Britain’s Mau Mau reckoning
Lately, saving Africa has become very fashionable. Hollywood celebrities are adopting African babies. Bono and Bob Geldof sing for Africa. And Bill Gates, former heads of state Bill Clinton and Tony Blair and a sprinkling of former World Bank officials have probably caused traffic jams there as they tout their campaigns.
Put aside the irony of Clinton doing little for Africa when holding the most powerful office in the world and now, as a private citizen, wanting to save the whole continent. In the “save Africa” caldron, you will find two active ingredients missing: Africans and modern African history.
Africans want former colonial powers to be held accountable for a history of suffering. One example is the lawsuit the Kenya Human Rights Commission plans to file in the British High Court on behalf of the survivors of what came to be known as the Mau Mau rebellion. (The commission is a nonpartisan, nongovernmental organization focused on human rights in Kenya.) The colonial government declared the rebellion a “state of emergency,” and it lasted from 1952 until the rebels’ defeat in 1960.
Kenya had been officially made a British colony in 1920. The rebellion began with the Kikuyu -- the largest ethnic group -- fighting against British rule and British settlers’ land grabbing. Some Kikuyu leaders mobilized fighters against the British through oaths of allegiance (the term “Mau Mau” was coined by the British, likely from the Kikuyu word for oath).
The British response, through the British army, the Royal Air Force and the help of Kenyan collaborators, was brutal, with innocents swept up along with the rebels. The official number of fighters killed was 11,000, but some estimate that tens of thousands more Kenyans died and as many as 1 million -- mostly women, children and elderly men -- were detained.
Because recent authoritarian governments suppressed Mau Mau history and threatened survivors with arrest if they tried to organize, the Mau Mau movement was not legally recognized in Kenya until 2003.
The lawsuit, to be filed in February, will now seek justice, alleging that from 1952 to 1960, the Kenyan colonial government killed and tortured Mau Mau detainees. A background document I obtained from the Kenya Human Rights Commission argues that because the injuries “were sustained in the detention camps of the Kenya colonial government” operating under the mandate of the British, it follows that the British government is liable. Further, it claims the British did not do enough to prevent the torture and abuse.
In her Pulitzer Prize-winning book, “Imperial Reckoning: The Untold Story of Britain’s Gulag in Kenya,” historian Caroline Elkins estimates that more than 100,000 people died in the detention camps in the process of “re-education.” Thousands of others were shot in combat, hanged or killed as collateral damage, and the majority of the Kikuyu people were interned.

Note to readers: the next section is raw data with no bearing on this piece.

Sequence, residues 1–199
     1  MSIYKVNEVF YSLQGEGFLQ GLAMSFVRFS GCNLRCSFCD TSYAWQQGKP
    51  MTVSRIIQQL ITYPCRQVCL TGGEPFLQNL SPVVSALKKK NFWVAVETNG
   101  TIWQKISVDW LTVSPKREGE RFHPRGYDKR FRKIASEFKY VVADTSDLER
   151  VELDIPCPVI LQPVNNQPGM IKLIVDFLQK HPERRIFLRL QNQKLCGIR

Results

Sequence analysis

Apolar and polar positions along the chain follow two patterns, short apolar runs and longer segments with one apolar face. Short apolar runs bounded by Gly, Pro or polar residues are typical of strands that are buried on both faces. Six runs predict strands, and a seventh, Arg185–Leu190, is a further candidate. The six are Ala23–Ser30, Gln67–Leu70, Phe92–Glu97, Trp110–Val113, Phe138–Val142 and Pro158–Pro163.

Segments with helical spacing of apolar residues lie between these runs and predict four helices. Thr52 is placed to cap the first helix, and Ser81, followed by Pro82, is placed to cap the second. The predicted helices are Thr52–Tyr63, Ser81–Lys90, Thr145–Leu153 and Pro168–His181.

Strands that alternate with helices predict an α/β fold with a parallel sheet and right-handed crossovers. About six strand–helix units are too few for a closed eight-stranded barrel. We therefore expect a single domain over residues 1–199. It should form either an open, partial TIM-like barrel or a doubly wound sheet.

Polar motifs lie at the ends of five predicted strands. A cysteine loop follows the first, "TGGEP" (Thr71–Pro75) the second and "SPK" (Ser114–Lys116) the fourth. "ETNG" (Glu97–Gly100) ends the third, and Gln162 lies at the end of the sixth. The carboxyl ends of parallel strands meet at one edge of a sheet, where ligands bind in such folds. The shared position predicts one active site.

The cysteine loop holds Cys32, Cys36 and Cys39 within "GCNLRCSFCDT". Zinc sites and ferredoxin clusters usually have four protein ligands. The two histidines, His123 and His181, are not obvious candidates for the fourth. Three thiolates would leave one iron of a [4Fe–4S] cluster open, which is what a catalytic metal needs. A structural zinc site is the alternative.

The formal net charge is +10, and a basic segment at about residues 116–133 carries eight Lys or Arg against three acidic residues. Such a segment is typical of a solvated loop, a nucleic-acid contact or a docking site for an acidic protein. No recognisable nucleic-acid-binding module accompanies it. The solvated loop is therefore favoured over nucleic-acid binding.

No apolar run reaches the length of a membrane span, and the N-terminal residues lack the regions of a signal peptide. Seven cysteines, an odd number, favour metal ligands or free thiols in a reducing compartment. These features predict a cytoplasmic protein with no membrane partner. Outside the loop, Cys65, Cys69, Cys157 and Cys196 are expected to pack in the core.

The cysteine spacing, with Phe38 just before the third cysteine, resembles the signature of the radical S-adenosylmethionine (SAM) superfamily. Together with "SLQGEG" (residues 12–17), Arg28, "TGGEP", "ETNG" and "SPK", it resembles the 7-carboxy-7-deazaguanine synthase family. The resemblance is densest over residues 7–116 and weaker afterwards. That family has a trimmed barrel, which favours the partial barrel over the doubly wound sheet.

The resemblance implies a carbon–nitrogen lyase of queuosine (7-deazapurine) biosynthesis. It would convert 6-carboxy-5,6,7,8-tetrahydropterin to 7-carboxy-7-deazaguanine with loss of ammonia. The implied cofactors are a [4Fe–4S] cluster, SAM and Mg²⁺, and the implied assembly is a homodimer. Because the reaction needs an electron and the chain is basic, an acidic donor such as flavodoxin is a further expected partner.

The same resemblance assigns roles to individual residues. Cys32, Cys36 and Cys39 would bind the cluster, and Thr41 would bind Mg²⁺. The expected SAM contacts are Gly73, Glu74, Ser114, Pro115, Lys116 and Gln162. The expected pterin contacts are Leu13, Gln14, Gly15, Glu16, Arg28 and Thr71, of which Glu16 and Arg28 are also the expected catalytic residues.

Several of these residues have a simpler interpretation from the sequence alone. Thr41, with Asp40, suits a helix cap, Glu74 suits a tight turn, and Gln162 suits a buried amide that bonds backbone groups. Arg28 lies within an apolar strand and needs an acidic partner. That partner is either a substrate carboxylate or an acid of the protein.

The lawsuit raises several questions: Can and should one generation be held accountable for another’s atrocities? Should citizens be held accountable -- through the taxes they pay -- for the atrocities committed by their governments? Should corporations and banks be held accountable for profits gained through past actions that hurt others?
Historical precedence answers in the affirmative. For example, Germany and Austria have paid billions of dollars to the Israeli government and individual Holocaust survivors for World War II atrocities.
But there is also a compelling moral argument for Mau Mau reparations. Philosophers have argued that, as moral beings, we have three sets of duties: helping those in need, doing no harm and alleviating problems inherited from the past to prevent further harm in the future.
We, the living, become accountable for the past, for the sake of the future.
For a British citizen, the wealth created by colonialism (not to mention slavery) is the foundation of today’s well-being in much the same way that the poverty created by colonialism is the foundation of the infamous Nairobi slums. Poverty and wealth can both be inherited.
If a society continues to gain from a past atrocity, doesn’t it have a duty to the children of the victims?
Forgiveness, justice and healing are closely related. In the Truth and Reconciliation Commission of South Africa, the perpetrator of the crime had to own up to the wrongs of the past, then ask for forgiveness.
But the perpetrators also should give back (a step missing in the South African commission), in one form or another, what they took from the victims.
The whole truth, an apology and a tangible gesture of righting the wrong would go a long way in making this living history truly a thing of the past.